In my entry about conversation starters, I neglected to mention a nation-wide event that occurs between Christmas and Australia Day. This event is, of course, New Year’s Eve. While I forgot to write about it, I certainly did not neglect to take advantage of it as a topic for conversation. Whenever I felt it was appropriate, I would pipe up, ‘So, are you doing anything for New Year’s Eve?’
The customers who were buying multi-pack soft drinks and bags upon bags of potato chips would answer that they were having a party. I didn’t bother to question those who bought over a kilo of sausages and bottles of sauce.
One man I came into contact with on Friday who I prompted for his New Year’s Eve plans gave a very personal response, which led to a rather involved discussion…
‘So, do you have any big plans for New Year’s Eve?’ I asked, with my usual, customer-friendly smile pasted across my face. The man in front of me was thin, with gnarled grey hair and a solemn expression.
‘Ah, I don’t believe in making a big deal out of New Year’s’, he said dismissively.
‘Oh?’ I asked innocently.
He leaned forward and held me in a steady gaze. ‘Nah. See, the way I look at it, every day should be a cause for celebration.’
I looked up while scanning his purchases. ‘That’s an interesting perspective. But isn’t it good that there’s this one day of the year when you can really let loose?’
The customer stood firm. He seemed intent on making his philosophical case. ‘Yeah, well, some people are just depressed all the time and they simply spend this one day feeling differently, but I think we should all treat every day as something special. We should be grateful for every day that we wake up and realize we’re still alive. Every day should be a celebration.’
In an even voice, I continued more insistently. ‘I agree. But not every day has a public holiday following it during which you can sleep off your hangover or whattnot,’ I laughed gamely.
He held fast to his opinion. ‘No, but we should treat every day as a gift and not just think of this on one day of the year.’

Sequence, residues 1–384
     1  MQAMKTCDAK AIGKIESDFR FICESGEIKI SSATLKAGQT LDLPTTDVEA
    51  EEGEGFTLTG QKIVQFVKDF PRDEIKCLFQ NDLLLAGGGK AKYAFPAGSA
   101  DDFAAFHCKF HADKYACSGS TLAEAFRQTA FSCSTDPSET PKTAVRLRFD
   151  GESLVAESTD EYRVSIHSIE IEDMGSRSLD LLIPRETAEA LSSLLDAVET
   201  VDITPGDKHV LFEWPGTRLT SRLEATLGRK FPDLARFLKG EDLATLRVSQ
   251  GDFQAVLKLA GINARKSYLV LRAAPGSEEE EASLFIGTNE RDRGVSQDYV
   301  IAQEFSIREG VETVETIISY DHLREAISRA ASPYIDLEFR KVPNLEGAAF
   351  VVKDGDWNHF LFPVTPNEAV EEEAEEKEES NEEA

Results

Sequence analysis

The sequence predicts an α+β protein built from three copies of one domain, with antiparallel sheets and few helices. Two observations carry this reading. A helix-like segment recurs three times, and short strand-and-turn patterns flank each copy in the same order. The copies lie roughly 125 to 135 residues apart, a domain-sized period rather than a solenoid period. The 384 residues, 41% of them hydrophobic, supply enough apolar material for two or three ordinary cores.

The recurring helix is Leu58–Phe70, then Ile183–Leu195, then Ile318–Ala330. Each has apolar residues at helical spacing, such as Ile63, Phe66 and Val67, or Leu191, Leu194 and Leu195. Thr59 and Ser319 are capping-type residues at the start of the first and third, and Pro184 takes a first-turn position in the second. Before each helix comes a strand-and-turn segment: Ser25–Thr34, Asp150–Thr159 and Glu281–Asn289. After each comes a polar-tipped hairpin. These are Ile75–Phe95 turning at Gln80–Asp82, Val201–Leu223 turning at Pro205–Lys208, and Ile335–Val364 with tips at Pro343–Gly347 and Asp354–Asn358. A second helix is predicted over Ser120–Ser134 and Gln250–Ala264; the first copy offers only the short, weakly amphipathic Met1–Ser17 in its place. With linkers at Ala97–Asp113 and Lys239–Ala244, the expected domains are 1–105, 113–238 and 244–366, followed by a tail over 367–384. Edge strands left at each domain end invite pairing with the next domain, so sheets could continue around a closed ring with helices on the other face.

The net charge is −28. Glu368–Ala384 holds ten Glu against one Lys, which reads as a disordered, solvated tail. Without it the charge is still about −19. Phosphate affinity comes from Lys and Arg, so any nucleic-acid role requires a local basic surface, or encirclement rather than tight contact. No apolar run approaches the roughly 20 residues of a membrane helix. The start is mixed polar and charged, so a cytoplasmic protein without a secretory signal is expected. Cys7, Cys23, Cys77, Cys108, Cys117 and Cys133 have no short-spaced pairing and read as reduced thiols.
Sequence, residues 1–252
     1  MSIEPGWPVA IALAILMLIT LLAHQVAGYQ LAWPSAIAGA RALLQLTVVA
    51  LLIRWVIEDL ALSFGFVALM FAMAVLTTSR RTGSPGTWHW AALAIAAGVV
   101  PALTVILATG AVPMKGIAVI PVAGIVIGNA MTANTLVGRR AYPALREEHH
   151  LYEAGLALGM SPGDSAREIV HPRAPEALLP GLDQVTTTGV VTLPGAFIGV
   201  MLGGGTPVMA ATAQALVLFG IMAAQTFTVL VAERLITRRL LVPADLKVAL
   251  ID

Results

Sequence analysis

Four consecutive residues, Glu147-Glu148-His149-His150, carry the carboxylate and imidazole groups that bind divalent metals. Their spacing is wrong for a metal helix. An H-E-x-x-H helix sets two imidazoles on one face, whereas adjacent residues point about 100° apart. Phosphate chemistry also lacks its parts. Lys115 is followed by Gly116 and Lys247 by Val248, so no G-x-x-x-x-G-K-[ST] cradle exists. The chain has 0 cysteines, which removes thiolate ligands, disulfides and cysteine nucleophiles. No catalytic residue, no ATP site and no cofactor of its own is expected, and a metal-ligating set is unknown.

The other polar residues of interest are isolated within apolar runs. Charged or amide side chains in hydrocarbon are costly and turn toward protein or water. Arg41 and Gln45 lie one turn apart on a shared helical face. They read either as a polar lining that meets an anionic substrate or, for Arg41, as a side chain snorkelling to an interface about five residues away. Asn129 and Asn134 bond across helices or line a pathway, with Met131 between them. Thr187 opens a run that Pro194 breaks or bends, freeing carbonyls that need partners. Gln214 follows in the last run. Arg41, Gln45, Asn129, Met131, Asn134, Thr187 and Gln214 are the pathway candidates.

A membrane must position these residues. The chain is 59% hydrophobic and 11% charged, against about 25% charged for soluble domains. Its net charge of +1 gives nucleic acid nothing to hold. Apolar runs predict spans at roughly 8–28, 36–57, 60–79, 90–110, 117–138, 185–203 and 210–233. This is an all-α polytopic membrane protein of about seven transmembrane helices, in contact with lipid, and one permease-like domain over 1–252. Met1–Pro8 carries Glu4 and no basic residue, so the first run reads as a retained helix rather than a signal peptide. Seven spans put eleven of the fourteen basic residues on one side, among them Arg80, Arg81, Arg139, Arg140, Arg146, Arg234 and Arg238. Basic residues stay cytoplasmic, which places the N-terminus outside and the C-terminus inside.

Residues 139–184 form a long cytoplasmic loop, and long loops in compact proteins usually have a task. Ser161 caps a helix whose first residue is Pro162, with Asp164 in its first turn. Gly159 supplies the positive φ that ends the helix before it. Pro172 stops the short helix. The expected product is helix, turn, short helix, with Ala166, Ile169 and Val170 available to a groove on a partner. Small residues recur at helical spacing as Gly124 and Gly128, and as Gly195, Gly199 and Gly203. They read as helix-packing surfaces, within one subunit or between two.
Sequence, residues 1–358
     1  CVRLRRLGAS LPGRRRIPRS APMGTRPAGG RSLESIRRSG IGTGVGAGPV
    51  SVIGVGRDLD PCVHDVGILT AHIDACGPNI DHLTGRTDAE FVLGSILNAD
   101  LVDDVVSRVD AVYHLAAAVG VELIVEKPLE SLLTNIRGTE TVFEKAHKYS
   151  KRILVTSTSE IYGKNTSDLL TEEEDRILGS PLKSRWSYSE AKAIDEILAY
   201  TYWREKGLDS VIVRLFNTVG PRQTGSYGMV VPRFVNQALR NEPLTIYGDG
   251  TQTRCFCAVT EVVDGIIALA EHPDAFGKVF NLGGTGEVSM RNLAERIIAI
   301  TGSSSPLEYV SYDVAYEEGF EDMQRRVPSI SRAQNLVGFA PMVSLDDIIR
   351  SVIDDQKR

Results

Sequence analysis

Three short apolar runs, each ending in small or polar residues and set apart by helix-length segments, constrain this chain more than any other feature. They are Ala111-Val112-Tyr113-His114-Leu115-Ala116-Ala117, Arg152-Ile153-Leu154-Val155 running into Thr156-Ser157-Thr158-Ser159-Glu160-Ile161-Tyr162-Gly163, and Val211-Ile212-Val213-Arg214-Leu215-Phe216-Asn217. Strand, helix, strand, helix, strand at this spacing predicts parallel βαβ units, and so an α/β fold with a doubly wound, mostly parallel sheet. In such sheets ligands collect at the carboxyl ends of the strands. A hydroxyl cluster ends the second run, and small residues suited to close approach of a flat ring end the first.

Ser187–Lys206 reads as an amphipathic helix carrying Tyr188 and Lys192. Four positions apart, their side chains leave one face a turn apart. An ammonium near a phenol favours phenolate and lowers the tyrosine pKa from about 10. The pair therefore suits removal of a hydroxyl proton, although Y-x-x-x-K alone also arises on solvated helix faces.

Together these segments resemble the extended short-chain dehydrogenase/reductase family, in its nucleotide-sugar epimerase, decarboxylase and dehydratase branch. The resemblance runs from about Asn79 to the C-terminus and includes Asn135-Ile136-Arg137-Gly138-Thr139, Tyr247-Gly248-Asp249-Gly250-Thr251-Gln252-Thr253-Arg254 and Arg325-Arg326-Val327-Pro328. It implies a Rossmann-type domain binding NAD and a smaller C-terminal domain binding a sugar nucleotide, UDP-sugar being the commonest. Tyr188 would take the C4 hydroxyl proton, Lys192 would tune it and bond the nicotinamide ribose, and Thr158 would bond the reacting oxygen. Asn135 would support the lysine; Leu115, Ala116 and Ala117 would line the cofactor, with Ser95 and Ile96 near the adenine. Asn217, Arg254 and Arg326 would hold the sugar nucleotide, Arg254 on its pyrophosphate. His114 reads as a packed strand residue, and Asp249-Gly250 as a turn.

Our horns were locked and we were each pushing forward. I mentally searched for another counterpoint. Finally, I gestured to my right at the stack of multi-pack drinks pressed up against the wall and replied, ‘Well, it’s a good thing that we have occasions such as New Year’s Eve, or else we’d never get rid of all those Cokes!’
He looked to his left. ‘Yes, well, it’s a good day for retailers, but that’s about it.’
I smiled congenially. Debate over. He held out some notes and I returned to him some change. As he departed, I wryly wished him a good new year.
So the debate had ended in a stalemate. In a way, I think the argument was actually moot as it seemed that he and I were pushing two different things. I was talking about an occasion on which you can party hearty and participate in a public bonding session over the dawning of a new year and he was arguing about something more existential. Alas, I think we were both right. New Year’s Eve is just another day, depending on how you choose to spend it. It is simply the case that NYE offers a state-sanctioned freedom to piss the night away without the need to show up in a clean shirt at work the next day.
Or, in my case, a clean shirt and an ever-chipper attitude.